The family packed up and drove two hours to Missoula for the day. Each town here has their initial on a mountain. Here is the "M" for Missoula!
We planned to see the Fairy Tale and SuperHero festival, the Celtic Festival, Joseph's Coat (yarn shop), Loopy Ewe (yarn shop), Butterfly Herbs, and to eat at the Blue Bison Grill. As usual, things didn't go quite as planned, but we remained flexible and rolled with it.
This was right next to The Carousel, so we headed there to check it out. There was a beautiful stained glass ticket booth, dragons everywhere, and plenty of details to keep our interest while we waited our turn.
I've never ridden a carousel where you are required to wear a safety belt. They had rings to collect with the brass ring winning a free ride.
Megan tried several times, but wasn't able to get the brass one.
After getting our fill of organ music and gaily painted ponies, we headed to the Celtic Festival. It was only a short pleasant walk down the trail. They had some booths selling various things. Megan bought organic, dye-free cotton candy, so Alex had his first cotton candy taste. I was very tempted by the souvenir beer glasses, but held out for possible yarn later. The shows going on were things we hadn't seen much of, if ever, before, so that made it fun. The heat was pretty bad, though, and I felt myself starting to wilt. We headed back to the car to cram in a little shopping before all of my energy was gone.
We browsed a sparkly, quirky bead shop and found a book for each of the kids at a local bookstore. I actually saw two independent booksellers when we were driving around. That is impressive to me.
We went on to find Butterfly Herbs. They sell coffees, teas, candies, and other lovely niceties. Megan was particularly admiring of their paper crane dishware and the real sand hourglasses. I picked up a few gifts for friends back in Maryland so that if we do come home for the holidays, I won't be empty-handed.
We decided to find food next. We had found the Blue Bison Grill through Urban Spoon saying that it had gluten free fare and the price was reasonable. It was kind of a dump. The dude who would be taking our order, making our food, and serving us was honest, though, so we were spared a disappointment. The gluten free bread they had was tiny, kept in the refrigerator, and looked quite unappetizing. (Think frozen rice bread.) The menu claimed they baked it fresh daily. I doubted it. We bailed.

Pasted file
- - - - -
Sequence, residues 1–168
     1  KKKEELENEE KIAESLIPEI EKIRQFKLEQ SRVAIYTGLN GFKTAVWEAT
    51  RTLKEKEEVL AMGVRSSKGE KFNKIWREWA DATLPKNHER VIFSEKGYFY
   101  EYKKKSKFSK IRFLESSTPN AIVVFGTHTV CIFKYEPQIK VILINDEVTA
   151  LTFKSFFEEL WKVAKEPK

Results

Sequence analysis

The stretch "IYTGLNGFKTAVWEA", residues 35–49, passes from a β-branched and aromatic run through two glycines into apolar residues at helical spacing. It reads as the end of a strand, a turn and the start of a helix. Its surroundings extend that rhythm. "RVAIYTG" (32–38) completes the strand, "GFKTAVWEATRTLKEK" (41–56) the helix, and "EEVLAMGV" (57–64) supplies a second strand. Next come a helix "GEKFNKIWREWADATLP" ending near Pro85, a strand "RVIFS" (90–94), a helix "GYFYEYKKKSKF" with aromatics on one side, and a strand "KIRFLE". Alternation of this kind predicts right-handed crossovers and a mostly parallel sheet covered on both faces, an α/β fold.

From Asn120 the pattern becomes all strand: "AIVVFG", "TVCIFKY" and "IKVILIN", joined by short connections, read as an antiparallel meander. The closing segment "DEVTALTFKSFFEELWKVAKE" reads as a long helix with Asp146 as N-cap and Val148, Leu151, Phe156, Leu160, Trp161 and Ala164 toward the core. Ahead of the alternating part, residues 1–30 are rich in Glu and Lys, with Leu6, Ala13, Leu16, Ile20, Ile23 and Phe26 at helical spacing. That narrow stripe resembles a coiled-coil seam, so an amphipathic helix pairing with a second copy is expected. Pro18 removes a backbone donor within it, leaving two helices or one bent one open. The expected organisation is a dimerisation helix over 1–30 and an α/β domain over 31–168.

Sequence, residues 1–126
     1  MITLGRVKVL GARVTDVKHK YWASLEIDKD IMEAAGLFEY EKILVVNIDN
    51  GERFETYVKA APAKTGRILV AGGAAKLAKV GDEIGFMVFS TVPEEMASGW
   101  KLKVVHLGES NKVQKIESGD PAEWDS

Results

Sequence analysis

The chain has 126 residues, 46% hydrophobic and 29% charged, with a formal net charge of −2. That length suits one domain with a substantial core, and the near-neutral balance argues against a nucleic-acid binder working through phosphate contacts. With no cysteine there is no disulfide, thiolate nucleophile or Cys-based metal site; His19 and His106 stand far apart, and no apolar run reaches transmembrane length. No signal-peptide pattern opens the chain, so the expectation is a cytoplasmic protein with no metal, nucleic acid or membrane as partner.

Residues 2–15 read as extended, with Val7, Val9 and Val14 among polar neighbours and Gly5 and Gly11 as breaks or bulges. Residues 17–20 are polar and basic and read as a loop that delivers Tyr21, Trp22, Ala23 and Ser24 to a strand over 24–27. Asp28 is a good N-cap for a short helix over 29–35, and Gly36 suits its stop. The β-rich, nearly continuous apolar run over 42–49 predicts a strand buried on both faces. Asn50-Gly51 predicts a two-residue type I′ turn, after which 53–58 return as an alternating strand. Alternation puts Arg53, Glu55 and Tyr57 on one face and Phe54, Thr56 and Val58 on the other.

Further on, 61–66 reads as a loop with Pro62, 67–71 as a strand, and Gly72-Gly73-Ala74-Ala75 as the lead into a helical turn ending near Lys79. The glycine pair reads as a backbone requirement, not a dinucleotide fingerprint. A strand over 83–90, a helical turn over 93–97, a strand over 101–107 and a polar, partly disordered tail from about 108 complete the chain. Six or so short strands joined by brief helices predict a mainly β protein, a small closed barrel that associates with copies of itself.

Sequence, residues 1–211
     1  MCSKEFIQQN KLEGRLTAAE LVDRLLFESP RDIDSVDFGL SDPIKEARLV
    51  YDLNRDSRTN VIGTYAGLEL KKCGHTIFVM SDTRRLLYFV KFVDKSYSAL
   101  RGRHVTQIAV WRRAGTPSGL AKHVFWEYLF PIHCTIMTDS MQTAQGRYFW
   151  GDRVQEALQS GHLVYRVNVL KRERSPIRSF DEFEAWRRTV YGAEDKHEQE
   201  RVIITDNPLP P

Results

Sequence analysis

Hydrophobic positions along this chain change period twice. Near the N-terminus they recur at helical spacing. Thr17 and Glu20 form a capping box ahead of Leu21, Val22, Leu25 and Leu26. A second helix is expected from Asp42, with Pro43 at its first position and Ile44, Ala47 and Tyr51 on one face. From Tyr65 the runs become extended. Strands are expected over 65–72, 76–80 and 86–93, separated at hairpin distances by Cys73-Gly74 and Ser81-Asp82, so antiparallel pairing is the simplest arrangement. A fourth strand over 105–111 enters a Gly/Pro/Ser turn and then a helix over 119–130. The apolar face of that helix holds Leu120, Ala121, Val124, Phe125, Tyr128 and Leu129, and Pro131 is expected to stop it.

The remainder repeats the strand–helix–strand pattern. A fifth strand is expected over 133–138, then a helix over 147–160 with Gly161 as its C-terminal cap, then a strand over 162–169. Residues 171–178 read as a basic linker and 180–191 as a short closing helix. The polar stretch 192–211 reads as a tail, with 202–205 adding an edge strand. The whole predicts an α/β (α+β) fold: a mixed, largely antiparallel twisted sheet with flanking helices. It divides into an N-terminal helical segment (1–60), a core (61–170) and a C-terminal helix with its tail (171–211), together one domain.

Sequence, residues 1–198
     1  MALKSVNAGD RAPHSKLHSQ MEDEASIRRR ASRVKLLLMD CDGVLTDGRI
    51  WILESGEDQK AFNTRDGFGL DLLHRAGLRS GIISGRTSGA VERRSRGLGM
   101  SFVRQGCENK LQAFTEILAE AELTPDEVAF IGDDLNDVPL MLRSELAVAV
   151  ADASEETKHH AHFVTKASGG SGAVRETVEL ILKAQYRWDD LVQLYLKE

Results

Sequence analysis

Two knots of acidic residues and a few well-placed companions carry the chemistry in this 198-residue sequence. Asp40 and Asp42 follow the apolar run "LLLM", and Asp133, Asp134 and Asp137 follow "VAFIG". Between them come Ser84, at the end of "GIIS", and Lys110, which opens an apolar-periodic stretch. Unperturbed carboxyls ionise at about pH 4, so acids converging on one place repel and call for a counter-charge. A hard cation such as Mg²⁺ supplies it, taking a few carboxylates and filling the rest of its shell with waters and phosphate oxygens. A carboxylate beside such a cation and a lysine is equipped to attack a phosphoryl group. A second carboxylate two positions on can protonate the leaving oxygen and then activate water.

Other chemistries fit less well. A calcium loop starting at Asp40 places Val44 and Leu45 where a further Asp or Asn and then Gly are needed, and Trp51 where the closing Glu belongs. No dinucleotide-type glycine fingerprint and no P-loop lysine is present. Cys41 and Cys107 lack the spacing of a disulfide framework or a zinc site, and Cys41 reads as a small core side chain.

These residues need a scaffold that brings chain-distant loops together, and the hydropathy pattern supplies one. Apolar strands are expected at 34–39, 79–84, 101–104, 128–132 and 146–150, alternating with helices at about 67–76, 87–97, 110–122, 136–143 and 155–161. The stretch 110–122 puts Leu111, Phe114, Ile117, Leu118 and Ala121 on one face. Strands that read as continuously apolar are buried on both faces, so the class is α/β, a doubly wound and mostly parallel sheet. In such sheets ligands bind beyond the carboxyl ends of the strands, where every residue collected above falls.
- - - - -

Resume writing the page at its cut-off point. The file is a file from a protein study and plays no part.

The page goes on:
There was a place right down the way with gluten free pizza. I had heard a less than stellar review of the Helena branch from a friend, but we gave it a try. Honestly, it was pretty good. The crust was typical restaurant gluten free pizza, but the toppings were tasty and it held together nicely. We sat and watched the Olympics on a big screen tv, enjoyed the air conditioning, and felt sleepy.
Now, I was allowed to go the Loopy Ewe. It was on the same block, but I had been overruled earlier due to hunger pangs of my companions. When we went after eating, they were closed. I was sad, but I know we'll be back.
The drive home was just as beautiful as the drive out, but this time I got to take some pictures. I did not get one of the little waterfall, but that will just have to wait for the future. There were these haystacks. I have never seen hay stacked this way other than in children's picture books.
This is the device they use to get it that way, and I don't have a clue as to how it works.
Here are some pictures from MacDonald Pass, which is the main reason we don't live in Missoula. The commute time wasn't the issue, but the weather through the mountains was.
Look at the view!